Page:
A major 5,500 year old Neolithic ceremonial gathering place known as a causewayed enclosure has been partially uncovered within sight of Windsor Castle in Berkshire. The discovery was made at Riding Court Farm, near Datchet as part of CEMEX UK’s archaeological programme on the quarrying site, which is monitored on behalf of the local planning authority by Berkshire Archaeology.
Defined by encircling bank and ditch segments with gap entrances, such sites represent some of the earliest known acts of monument building in Britain. Around 80 monuments have been identified across Britain, and others are known on the Continent. The Riding Court causewayed enclosure may have been seasonally occupied, a place where communities gathered to undertake ceremonial feasting, exchange of goods, the marking of festivals and social obligations. Imported objects found in other enclosures suggest trade and exchange of exotic objects (stone axes and pottery), while evidence of feasting and human burials are known from other sites.
One feature is the deliberate consumption and wasting of meat and the exposure of human remains including the placing of skulls in the base of ditches. There are signs that pots were deliberately smashed perhaps as festivities came to a close.
John Powell, fieldwork director for Wessex Archaeology, said:
“The discovery of, and chance to excavate an early Neolithic causewayed enclosure is incredibly rare. The enclosure lies within the central area of the quarry and future work will allow us to systematically excavate and study the site’s surrounding landscape. We will be able to see how the Neolithic community influenced their natural landscape and the lives of later people by leaving their mark on the land.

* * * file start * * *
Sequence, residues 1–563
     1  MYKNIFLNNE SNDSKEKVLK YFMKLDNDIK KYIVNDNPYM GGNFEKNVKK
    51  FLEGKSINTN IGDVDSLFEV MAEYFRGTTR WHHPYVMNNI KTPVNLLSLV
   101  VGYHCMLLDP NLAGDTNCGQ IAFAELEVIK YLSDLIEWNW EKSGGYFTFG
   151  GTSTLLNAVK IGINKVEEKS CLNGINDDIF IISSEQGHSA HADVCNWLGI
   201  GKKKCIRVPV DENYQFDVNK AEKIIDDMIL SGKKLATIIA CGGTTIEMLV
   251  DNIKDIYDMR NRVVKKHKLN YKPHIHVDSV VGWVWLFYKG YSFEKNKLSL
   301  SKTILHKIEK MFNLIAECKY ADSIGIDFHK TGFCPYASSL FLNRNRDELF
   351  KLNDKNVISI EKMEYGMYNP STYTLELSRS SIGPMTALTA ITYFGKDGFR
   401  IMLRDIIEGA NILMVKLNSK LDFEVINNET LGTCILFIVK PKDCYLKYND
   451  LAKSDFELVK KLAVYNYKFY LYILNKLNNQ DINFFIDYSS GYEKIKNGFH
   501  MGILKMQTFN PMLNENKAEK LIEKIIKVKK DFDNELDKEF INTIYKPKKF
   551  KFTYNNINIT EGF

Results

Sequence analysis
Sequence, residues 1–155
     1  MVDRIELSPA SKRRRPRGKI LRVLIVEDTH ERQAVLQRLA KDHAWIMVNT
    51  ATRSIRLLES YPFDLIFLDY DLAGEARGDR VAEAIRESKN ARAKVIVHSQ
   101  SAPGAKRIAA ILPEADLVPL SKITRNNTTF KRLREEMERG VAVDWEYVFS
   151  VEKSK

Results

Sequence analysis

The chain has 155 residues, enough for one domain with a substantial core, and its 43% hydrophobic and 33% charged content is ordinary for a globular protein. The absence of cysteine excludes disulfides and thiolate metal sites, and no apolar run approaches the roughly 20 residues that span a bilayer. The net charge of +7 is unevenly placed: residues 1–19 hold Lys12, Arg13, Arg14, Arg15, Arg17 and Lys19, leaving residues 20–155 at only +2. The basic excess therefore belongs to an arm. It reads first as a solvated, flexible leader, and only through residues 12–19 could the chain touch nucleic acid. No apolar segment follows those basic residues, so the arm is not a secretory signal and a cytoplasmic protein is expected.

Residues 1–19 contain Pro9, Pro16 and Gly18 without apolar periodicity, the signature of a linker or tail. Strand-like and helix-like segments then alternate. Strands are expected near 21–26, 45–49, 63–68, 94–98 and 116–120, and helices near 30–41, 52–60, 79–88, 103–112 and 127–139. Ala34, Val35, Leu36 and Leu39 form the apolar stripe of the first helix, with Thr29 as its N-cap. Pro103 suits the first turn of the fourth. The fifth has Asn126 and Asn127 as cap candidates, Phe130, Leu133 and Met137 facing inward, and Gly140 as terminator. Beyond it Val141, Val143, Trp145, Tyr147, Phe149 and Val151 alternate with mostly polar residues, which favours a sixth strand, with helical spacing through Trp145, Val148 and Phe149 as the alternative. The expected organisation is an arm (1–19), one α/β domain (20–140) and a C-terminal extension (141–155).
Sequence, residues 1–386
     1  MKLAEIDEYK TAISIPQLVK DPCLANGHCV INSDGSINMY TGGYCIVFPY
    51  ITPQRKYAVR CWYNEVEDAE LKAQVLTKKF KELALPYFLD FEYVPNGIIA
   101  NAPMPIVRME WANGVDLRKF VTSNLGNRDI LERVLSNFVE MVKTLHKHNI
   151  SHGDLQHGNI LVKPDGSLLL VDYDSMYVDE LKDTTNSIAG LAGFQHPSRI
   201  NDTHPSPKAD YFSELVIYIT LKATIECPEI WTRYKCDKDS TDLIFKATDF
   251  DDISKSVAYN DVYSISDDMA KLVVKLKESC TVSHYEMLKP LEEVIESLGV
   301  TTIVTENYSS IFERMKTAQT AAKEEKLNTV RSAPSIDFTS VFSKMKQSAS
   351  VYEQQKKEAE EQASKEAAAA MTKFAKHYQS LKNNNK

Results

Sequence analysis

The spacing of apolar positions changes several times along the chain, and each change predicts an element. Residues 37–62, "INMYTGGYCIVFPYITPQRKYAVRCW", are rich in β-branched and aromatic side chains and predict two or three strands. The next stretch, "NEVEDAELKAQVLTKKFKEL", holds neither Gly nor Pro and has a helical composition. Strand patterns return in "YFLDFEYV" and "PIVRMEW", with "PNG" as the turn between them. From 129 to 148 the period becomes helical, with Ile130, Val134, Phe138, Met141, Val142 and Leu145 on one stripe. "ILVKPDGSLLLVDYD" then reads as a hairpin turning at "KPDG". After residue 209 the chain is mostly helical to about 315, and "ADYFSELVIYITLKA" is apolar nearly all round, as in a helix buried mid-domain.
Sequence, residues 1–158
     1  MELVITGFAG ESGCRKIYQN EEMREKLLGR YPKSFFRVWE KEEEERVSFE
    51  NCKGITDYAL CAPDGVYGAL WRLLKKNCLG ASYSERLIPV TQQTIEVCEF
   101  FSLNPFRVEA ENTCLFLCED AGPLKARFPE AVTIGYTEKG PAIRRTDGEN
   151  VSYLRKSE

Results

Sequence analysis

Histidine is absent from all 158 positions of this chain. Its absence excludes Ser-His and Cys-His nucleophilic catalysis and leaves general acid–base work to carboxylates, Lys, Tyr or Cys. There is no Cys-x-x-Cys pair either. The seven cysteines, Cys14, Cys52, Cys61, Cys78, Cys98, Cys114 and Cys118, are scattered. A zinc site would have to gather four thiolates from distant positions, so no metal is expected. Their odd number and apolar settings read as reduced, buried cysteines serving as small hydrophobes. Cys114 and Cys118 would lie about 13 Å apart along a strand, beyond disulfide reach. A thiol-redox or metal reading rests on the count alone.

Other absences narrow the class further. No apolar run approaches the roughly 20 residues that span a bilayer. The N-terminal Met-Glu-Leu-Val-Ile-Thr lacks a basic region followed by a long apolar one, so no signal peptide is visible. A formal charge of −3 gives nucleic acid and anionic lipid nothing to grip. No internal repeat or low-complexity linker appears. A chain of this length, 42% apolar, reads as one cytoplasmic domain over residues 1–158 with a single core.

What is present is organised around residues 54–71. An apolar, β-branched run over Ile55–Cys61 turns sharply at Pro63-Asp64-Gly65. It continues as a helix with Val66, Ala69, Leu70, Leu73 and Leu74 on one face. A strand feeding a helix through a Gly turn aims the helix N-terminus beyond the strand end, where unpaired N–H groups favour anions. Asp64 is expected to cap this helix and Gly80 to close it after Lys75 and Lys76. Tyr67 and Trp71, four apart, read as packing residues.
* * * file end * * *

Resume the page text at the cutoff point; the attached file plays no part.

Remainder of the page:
“Although we have only uncovered part of the site so far, the monument appears to be an oval shape with a projected perimeter of 500 metres. Currently 265 metres of the enclosure’s arc – some 12 ditch segments – have been traced with the remainder due to be uncovered in 2018. The monument occupies a slightly raised area in what may have been a marshy or seasonably wet landscape within the Thames floodplain. Towards the base of the ditches, small concentrations of animal bone, pottery and worked flint have been found and probably relate to the activities that took place within the enclosure. The finds include finely worked flint arrowheads, knives and serrated blades, decorated pottery sherds and in one segment part of a human skull. A sparse scatter of internal features included a pit that contained a finely ground flint axe.”
Roland Smith of Berkshire Archaeology added:
“This is such an exciting and important discovery in the Royal Borough. The excavation of this monument will add so much to our shared human story, especially at this pivotal time in the earliest years of farming in Britain. CEMEX UK has been extremely conscientious in addressing the archaeology of this site and I applaud their commitment to ensuring this ancient prehistoric monument will be thoroughly investigated by Wessex Archaeology”.
The enclosure at Datchet lies within the well populated Neolithic landscape of the Middle Thames Valley that includes cursus monuments, timber framed houses and middens. Its excavation will add significant new evidence to a dynamic period of prehistory. Along the northern bank of the River Thames three similar monuments have been identified within a 15 km stretch of the River Thames: one to the south-east, down river, at Staines and two others to the west, up river, at Eton Wick and Dorney.
As well as the enclosure, archaeologists have found remains of several periods of prehistoric, Roman and later date activity. Traces that indicate people periodically lived, farmed, settled and gathered in the area from the end of the last Ice Age, a period of 12,000 years.
Source: Wessex Archaeology